Parkinson's disease

Western graduate students secure funding for Parkinson’s research


Parkinson’s disease is one of the fastest growing neurological disorders in Canada. With more than 100,000 people living with Parkinson’s and an even greater number of Canadians expected to be diagnosed with the disease over the next decade, research is desperately needed to better understand the underlying causes and find treatments to help those living with Parkinson’s.

In late 2021, the Parkinson Society Southwestern Ontario (PSSO) put out its annual call for researchers to submit applications for their Graduate Student Scholarship Program

Western’s BrainsCAN, a neuroscience research initiative, had already partnered with PSSO to promote opportunities to researchers investigating neurodegenerative conditions at Western. Seeing the high-quality research from graduate students interested in this call, BrainsCAN connected with Mitacs – a non-profit organization that funds cutting-edge innovation to develop the next generation of researchers. 

Mitacs was able to provide additional funding that increased the 2022 round from $50,000 to $150,000, allowing for more research projects to be supported. Announced in June 2022, seven research projects were awarded funding. Of those, six Western students – the most of any institution – were awarded $25,000 each to conduct their research project.

“Western University is home to state-of-the-art facilities and leading experts in Parkinson’s research who are training the next generation of researchers,” said Fay Harrison, Executive Director for Western’s BrainsCAN. “We’re really pleased to be able to work with the Parkinson’s Society in Southwestern Ontario and Mitacs to support Western graduate students who are researching ways to help those living with Parkinson’s.”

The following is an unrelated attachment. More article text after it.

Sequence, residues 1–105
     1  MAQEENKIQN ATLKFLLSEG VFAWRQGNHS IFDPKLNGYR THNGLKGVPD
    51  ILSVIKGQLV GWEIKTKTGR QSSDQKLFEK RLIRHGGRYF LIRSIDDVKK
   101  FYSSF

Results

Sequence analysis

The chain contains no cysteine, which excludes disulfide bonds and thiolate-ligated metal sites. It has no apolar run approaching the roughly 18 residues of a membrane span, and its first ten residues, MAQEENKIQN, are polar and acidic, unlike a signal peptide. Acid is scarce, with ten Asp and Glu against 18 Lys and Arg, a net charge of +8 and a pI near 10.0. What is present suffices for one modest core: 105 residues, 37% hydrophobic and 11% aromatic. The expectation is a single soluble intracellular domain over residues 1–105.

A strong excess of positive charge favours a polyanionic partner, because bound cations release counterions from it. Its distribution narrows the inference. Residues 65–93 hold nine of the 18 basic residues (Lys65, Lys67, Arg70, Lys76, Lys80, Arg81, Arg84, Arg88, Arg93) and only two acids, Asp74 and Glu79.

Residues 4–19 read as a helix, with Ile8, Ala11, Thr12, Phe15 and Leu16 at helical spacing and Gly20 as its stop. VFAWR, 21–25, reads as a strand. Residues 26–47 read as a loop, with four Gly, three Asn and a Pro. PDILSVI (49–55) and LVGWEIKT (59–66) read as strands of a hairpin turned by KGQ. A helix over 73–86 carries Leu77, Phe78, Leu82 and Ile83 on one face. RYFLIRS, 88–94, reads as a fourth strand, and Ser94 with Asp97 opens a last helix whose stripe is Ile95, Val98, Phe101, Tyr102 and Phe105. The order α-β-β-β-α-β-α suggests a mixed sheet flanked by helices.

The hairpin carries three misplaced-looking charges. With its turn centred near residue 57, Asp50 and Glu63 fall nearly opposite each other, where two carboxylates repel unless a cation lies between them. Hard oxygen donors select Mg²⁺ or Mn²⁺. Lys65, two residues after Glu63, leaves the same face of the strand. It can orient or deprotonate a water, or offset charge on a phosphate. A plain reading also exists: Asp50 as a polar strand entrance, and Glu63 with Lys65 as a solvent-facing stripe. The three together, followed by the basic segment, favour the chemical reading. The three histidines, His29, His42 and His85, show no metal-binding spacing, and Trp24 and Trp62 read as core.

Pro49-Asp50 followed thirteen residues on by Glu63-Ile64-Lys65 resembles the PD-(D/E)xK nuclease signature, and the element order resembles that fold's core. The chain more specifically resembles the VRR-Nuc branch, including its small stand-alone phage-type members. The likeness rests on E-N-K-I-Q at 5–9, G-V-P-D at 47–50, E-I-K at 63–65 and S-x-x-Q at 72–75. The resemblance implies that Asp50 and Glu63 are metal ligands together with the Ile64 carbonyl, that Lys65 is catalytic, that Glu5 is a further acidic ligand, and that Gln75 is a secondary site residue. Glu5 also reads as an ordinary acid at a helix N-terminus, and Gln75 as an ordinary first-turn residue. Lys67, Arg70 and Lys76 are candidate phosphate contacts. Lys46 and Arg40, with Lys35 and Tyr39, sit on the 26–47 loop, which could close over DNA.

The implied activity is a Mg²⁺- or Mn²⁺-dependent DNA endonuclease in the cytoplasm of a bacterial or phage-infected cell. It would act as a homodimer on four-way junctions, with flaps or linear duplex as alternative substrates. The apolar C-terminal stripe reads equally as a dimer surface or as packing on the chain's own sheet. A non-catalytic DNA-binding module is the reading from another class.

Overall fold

Dr. Penny MacDonald is a movement disorders neurologist and professor in neurology at Western University. She will supervise Western PhD neuroscience student, Madeline Gilchrist on a project that will develop diagnostic MRI biomarkers for Parkinson’s disease. The research is part of a McGill-Western Initiative for Translational Neuroscience interdisciplinary research project to improve the current, multi-step system of diagnosing Parkinson’s.  

“If a patient is waiting a year or more to see a neurologist or movement disorder neurologist, after their general practitioner has submitted a referral, that’s often time that they’re waiting to be treated,” said MacDonald. “Supported by the Parkinson’s Society, Madeline's project will begin investigating whether our diagnostic MRI approach can differentiate Parkinson’s disease from other movement disorders. If we can confirm this MRI technique as a reliable diagnostic tool, we can have a direct impact on those living with Parkinson’s by getting them access to care faster.”

The Parkinson’s research projects will begin in the summer and fall of 2022.

Project Summaries:

Samantha Marshal
Samantha Marshal
MSc, Integrative Biosciences in Kinesiology

Mobile Brain Imaging and Mobility in Parkinson's Disease

Supervisor(s): Dr. Lindsay Nagamatsu